Charlie Phillips’ mill

The 1920s will be reborn in October to mark 90th anniversary of New Hope’s iconic art haven.

My late grandmother as a young woman would have loved a special event scheduled for October in New Hope. Ivy Lavon would have cut the rug in a dazzling Charleston dance move that would fit right in with “A Roaring ’20s Soiree” to mark the 90th anniversary of the Phillips’ Mill Community Association.

The grist mill and its village have long defined the fine arts tradition of New Hope. It was there in the early 20th Century that William Lathrop became the Aristotle of the Pennsylvania Impressionist movement, teaching the technique to understudies who made Phillips’ Mill famous. On Oct. 26, members will look back on all 90 years by reincarnating the “Roaring Twenties” era when Lathrop’s art movement gained traction internationally. The soiree will feature guests arriving in period dress at Hotel du Village near the mill to enjoy live music, dinner, dancing and a “Speak Easy” review. Earlier in the day, they will view the prestigious Fall Art Exhibition at the old mill.

Members of the Phillips’ Mill Community Association inside the old mill.

About 20 years before George Washington made his famed crossing of the Delaware River just downstream from New Hope, William Kitchen built the grist mill on Primrose Creek on the upstream edge of the borough in 1743. He sold it and 100 acres to his half brother Aaron Phillips. Three generations of his family ran the mill until 1889 when Charlie Phillips sold it, the adjacent miller’s house and village on 27 acres to Stephen Betts and his wife. The couple supplemented their income by renting the house as summer quarters to Philadelphia physician George Morley Marshall and his family. They were so taken by the beauty of the property and surrounding area that the doctor purchased the site in 1896 from the Betts family including their nearby home which they made their own.

Self-portrait of William Lathrop.

Enter New York City artist Lathrop. Both he and Marshall grew up childhood pals in Painesville, Ohio. The physician believed Phillips’ Mill, its village and the pastoral surroundings would captivate Lathrop. It did. A couple years later, the doctor sold 4 acres including the miller’s house to the artist and his family. Marshall retained ownership of the mill which became a playhouse for children of both families.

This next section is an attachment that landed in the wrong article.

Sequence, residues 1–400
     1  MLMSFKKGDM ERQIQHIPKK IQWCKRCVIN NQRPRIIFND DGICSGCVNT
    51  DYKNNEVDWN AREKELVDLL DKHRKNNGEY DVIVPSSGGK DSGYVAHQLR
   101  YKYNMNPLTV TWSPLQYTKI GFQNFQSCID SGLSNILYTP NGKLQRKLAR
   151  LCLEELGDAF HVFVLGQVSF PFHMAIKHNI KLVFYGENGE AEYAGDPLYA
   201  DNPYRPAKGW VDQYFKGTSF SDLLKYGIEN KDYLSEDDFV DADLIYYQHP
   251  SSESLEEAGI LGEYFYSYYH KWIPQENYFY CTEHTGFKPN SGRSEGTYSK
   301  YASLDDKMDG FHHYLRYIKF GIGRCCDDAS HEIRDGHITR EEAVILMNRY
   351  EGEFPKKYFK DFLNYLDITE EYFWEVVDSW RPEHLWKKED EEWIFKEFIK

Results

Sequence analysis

Lathrop convinced his friend Morgan Colt to relocate to the mill village in 1903. Colt was a frustrated architect who had many artistic interests including woodworking, sculpture. wrought iron and leather. He remodeled the mill’s piggery into a home and built a studio. He incorporated a Gothic/Tudor design reminiscent of an old English village including elaborate walled garden that stands today on River Road across from the mill.

Meanwhile, Lathrop established a school for budding artists. His habit was to greet students at the train station in New Hope, then have them board a 12-seat motor boat named Sunshine. He’d helm the put-put north from the train station on the Delaware Canal a few miles to Phillips’ Mill. On the way he had passengers sketch the passing countryside in the “plein air” style Lathrop had perfected. As many as 15 students at a time would set up easels on the edge of the canal near the mill and take instruction from the master painter. On Sundays, his effervescent wife Annie hosted afternoon garden parties behind the couple’s home. The Lathrops also turned outbuildings into cottages for a colony of visiting artists. The village became a gathering place for up-and-coming artists, writers and actors. Annie set everything in motion. “There were dances, refreshments, cake and ice cream . . . it was real without radios,” recalled Newlin Price, a New York gallery owner and tea party regular.

By 1916, six artists – Lathrop, Colt, Daniel Garber, Charles Rosen, Rae Bredin and Robert Spencer – were exhibiting their works nationally as the “New Hope Group”. Eventually they and others like Fern Coppedge, John Folinsbee, Edward Redfield and Walter Schofield became the Pennsylvania Impressionists of the New Hope Art Colony, cementing the borough’s fame internationally.
In 1929, aging George Marshall hoped to perpetuate the grist mill as a community arts center. Out of that concern the Phillips’ Mill Community Association was born that yea, took possession and hosted its first art exhibition. Lathrop continued producing art and teaching students for more than 30 years at Phillips Mill.

Since its foundation, the association has remained independent, annually hosting prestigious art and photo exhibitions, forums and dramatic plays separately for adults and children. Across from the mill, Brooks and Joyce Kaufman in 1972 transformed the teahouse into The Inn at Phillips Mill. It remains an indoor/outdoor destination for French country dining by candlelight where aficionados like me soak up the legacy of the physician, the painter and his colony of artists who immortalized the Bucks County landscape.

Sources for this column include “Pennsylvania Impressionism” edited by Brian H. Peterson and published by the James A. Michener Art Museum; and “Phillips Mill Historic District” at